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mark2uk
mark2uk  8739 forum posts England8 Constructive Critique Points
8 Sep 2008 - 4:52 PM

Managed to sneak out at lunchtime to a little site near where I work that I've just discovered.
In a bit of a rush as I don't get long for lunch, and this was just a recce trip really.

Took loads of pictures before I realised I still had the ISO set very high from doing night shots a week ago.

Does anyone have any special methods for remembering to check settings before taking pictures?

I'm a bit of a numpty anyway Smile

Mark

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8 Sep 2008 - 4:52 PM

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Paul Morgan
Paul Morgan e2 Member 1315487 forum postsPaul Morgan vcard England6 Constructive Critique Points
8 Sep 2008 - 5:23 PM

Custom settings ?

Overread
Overread  63770 forum posts England18 Constructive Critique Points
8 Sep 2008 - 5:55 PM


Quote: Took loads of pictures before I realised I still had the ISO set very high from doing night shots a week ago.


Just keep shooting Wink
Especially for those of us without custom settings buttons, its just a case of shooting more - making mistakes, kicking yourself for making them and then remembering not to make that mistake again next time!
Most annoying thing for me is that (least on my 400D) my ISO stays fixed even when I change modes on the dail - a real pain when you setup two or more modes for different shooting (like wildlife in aperture priority mode and shutter priority for some frozen action shots) only to find that after turning the dial you also have to adjust ISO! Sad

keith selmes
8 Sep 2008 - 7:18 PM


Quote: loads of pictures before I realised I still had the ISO set very high

You are not the first person to do that. There was at least one person before you, but I expect we're members of a very big club.
I expect a simple check list or mnemonic would do, but as it sounds like you remembered both the camera and the lens, and had a battery and a ram card, you're doing pretty well already.

Last Modified By keith selmes at 8 Sep 2008 - 7:20 PM
mark2uk
mark2uk  8739 forum posts England8 Constructive Critique Points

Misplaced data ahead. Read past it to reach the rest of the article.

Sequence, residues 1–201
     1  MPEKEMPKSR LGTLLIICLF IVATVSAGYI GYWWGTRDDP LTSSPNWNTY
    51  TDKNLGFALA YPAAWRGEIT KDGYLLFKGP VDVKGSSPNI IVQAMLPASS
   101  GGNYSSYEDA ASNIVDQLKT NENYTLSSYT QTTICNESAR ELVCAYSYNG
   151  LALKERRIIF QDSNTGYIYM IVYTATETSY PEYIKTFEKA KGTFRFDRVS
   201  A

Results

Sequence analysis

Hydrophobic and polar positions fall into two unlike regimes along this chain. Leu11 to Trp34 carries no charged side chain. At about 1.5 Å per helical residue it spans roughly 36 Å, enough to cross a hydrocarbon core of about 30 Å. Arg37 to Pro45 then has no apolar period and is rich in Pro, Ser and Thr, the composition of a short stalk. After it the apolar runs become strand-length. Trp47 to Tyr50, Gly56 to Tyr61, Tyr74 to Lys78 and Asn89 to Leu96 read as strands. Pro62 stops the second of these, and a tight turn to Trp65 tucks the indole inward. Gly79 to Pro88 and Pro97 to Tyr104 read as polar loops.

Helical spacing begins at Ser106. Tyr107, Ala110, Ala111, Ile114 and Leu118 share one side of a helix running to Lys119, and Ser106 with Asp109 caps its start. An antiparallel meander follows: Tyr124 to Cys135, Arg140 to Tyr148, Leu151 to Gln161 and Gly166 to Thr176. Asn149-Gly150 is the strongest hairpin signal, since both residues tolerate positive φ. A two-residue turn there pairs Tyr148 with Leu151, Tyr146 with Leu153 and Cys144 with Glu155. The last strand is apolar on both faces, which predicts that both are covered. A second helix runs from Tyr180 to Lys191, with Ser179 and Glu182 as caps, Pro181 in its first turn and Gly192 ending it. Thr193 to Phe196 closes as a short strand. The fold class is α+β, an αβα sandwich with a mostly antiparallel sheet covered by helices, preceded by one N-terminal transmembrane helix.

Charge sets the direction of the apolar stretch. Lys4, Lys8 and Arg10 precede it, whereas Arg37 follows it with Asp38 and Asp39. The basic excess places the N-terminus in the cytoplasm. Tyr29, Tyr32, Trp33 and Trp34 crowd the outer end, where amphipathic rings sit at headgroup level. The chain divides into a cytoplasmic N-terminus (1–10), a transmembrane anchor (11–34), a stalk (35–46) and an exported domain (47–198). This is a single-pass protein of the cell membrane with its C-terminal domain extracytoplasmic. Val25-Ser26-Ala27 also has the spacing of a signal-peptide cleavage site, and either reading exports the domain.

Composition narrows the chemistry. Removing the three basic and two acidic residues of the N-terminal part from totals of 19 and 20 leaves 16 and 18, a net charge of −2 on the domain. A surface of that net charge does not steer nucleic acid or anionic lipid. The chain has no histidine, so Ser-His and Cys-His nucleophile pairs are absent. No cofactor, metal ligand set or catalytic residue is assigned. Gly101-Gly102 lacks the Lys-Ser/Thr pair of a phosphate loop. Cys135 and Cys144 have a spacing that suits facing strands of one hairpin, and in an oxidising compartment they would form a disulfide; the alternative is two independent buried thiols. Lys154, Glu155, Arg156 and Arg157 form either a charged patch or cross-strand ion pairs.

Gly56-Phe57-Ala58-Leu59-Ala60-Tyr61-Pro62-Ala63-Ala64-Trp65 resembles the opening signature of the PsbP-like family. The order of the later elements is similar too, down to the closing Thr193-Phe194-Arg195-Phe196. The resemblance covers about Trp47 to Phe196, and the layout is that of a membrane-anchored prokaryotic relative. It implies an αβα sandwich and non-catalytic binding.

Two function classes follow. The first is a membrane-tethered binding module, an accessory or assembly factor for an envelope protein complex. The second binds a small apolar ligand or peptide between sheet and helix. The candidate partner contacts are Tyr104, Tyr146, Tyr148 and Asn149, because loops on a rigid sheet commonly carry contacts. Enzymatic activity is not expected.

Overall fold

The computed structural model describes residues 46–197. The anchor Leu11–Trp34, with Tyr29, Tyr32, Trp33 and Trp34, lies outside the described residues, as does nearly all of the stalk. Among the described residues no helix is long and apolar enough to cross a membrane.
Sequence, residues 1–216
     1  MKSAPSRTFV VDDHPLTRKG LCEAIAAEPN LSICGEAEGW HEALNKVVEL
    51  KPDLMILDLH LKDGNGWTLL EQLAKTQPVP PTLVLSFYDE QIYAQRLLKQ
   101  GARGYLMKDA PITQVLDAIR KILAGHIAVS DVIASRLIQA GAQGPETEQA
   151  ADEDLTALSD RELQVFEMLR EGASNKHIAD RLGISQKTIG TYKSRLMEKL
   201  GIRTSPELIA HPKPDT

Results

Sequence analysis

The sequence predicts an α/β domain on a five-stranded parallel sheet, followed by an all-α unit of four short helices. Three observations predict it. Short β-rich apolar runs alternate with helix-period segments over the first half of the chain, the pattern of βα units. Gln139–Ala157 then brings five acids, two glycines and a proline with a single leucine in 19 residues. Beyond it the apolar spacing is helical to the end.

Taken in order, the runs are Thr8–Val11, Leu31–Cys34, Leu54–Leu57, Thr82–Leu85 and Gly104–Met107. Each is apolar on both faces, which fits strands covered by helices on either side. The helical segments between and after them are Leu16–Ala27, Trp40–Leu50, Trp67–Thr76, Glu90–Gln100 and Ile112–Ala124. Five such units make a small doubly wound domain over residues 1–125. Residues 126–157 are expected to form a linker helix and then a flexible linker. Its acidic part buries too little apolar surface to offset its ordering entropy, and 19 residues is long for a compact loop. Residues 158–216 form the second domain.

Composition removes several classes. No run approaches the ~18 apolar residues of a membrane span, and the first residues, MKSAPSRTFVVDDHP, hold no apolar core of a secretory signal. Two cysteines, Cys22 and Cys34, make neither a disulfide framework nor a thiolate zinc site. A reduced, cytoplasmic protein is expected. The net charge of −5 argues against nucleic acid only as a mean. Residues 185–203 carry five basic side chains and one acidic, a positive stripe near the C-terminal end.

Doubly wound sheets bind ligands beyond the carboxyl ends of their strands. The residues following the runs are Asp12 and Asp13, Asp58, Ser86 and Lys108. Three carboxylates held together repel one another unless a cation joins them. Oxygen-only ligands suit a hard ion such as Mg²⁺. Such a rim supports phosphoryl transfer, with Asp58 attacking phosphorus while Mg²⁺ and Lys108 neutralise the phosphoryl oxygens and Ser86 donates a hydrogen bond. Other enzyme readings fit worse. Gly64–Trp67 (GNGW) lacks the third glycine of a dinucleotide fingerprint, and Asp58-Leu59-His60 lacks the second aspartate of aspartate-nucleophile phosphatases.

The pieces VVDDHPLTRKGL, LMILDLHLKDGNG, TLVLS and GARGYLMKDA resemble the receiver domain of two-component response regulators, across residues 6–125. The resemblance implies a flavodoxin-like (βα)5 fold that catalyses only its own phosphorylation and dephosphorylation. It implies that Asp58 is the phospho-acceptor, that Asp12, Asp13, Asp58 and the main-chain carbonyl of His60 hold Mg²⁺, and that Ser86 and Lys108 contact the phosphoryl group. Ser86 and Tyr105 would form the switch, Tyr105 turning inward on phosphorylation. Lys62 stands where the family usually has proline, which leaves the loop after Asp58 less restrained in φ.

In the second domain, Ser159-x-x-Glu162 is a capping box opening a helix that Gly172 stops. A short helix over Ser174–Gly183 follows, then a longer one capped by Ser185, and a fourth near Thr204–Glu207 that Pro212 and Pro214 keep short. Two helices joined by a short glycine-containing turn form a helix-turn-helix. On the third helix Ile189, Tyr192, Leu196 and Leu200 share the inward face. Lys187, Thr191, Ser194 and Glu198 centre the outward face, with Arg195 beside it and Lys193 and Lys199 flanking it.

8 Sep 2008 - 7:21 PM

I did forget the tripod though Smile

aftertherain
8 Sep 2008 - 7:23 PM

Sometimes it's the ones taken when you've not checked, that turn out best Wink

Last Modified By aftertherain at 8 Sep 2008 - 7:23 PM
csurry
csurry  129230 forum posts92 Constructive Critique Points
8 Sep 2008 - 7:25 PM

Best idea is to reset the camera to some standard settings at the end of a session. That way it is "ready" for the next session Smile

Well maybe.

dan45
dan45  642 forum posts United Kingdom
8 Sep 2008 - 7:27 PM

I always have a quick look at the ones i have taken before carrying on - i try to use manual settings as much as possible, and so always check to see if i've got the settings right, and adjust accordingly. Maybe use the image review function (if your camera has it) so the image automatically is displayed after shooting Smile

mark2uk
mark2uk  8739 forum posts England8 Constructive Critique Points
8 Sep 2008 - 8:13 PM

I like the idea of a mnemonic. Does anyone use one for their camera settings?

Been trying to come up with one - not doing very well. This is the best I can do.......

WIFE

White balance
ISO
File format
Exposure

Feel like I'm being nagged already Smile
Can you do better?

JJGEE
JJGEE  96319 forum posts England18 Constructive Critique Points
8 Sep 2008 - 8:34 PM

Use the same ISO for every frame Wink

With one or two exceptions I've used the same ISO for the last 20 years so using the wrong one is not an issue for me.

What I have done, occasionally, is to forget to check the aperture when changing the lens Sad and end up with an over / under exposed frame.
But I may only waste one / two frames at most as I check the meter reading / aperture / shutter speed regularly.

samfurlong
8 Sep 2008 - 9:42 PM

I generally reset my camera to the same settings immediately after use when I have finished work for the day.

ISO 800, evaluative metering, aperture priority, f4, cloudy WB, exposure compensation off, fine jpeg quality mode, AF on AI servo mode.

Then you know where you are when you pick it up.

Overread
Overread  63770 forum posts England18 Constructive Critique Points
8 Sep 2008 - 9:46 PM

ISO 800? Bit high for general use?
I would have thought 200 or 400 for a high setting rather than 800

samfurlong
8 Sep 2008 - 9:51 PM

I'm a press photographer so I don't really consider ISO 800 to be high, plus on the MKIII 800 is like 400 on the old MKII ( it used to be ISO 400 but in the British climate I find these settings to be quite good to just grab the camera out of the bag and shoot).

Last Modified By samfurlong at 8 Sep 2008 - 9:52 PM
keith selmes
8 Sep 2008 - 11:45 PM

I just realised the mnemonic depends on individual work style, I suppose with a DSLR we all need to remember the camera body, the (right) lens, the battery and the ram, but then I often use the mirror lock and timer delay together - if they're still on when you try an action snap, dismay and swearing ensue.

Thus far all my personal mnemonic attempts have been very rude.

Yes, I have gone out with lenses and no body.
I never went with no lens, but I did go with the wrong lens.
Thankfully the camera tells me if the battery is no good or the card is missing - but I have to remember to carry the spares.

jondf
jondf  82475 forum posts
8 Sep 2008 - 11:47 PM


Quote: Does anyone have any special methods for remembering to check settings before taking pictures?

I'm a bit of a numpty anyway

Mark

Easy answer....shoot everything on auto Wink

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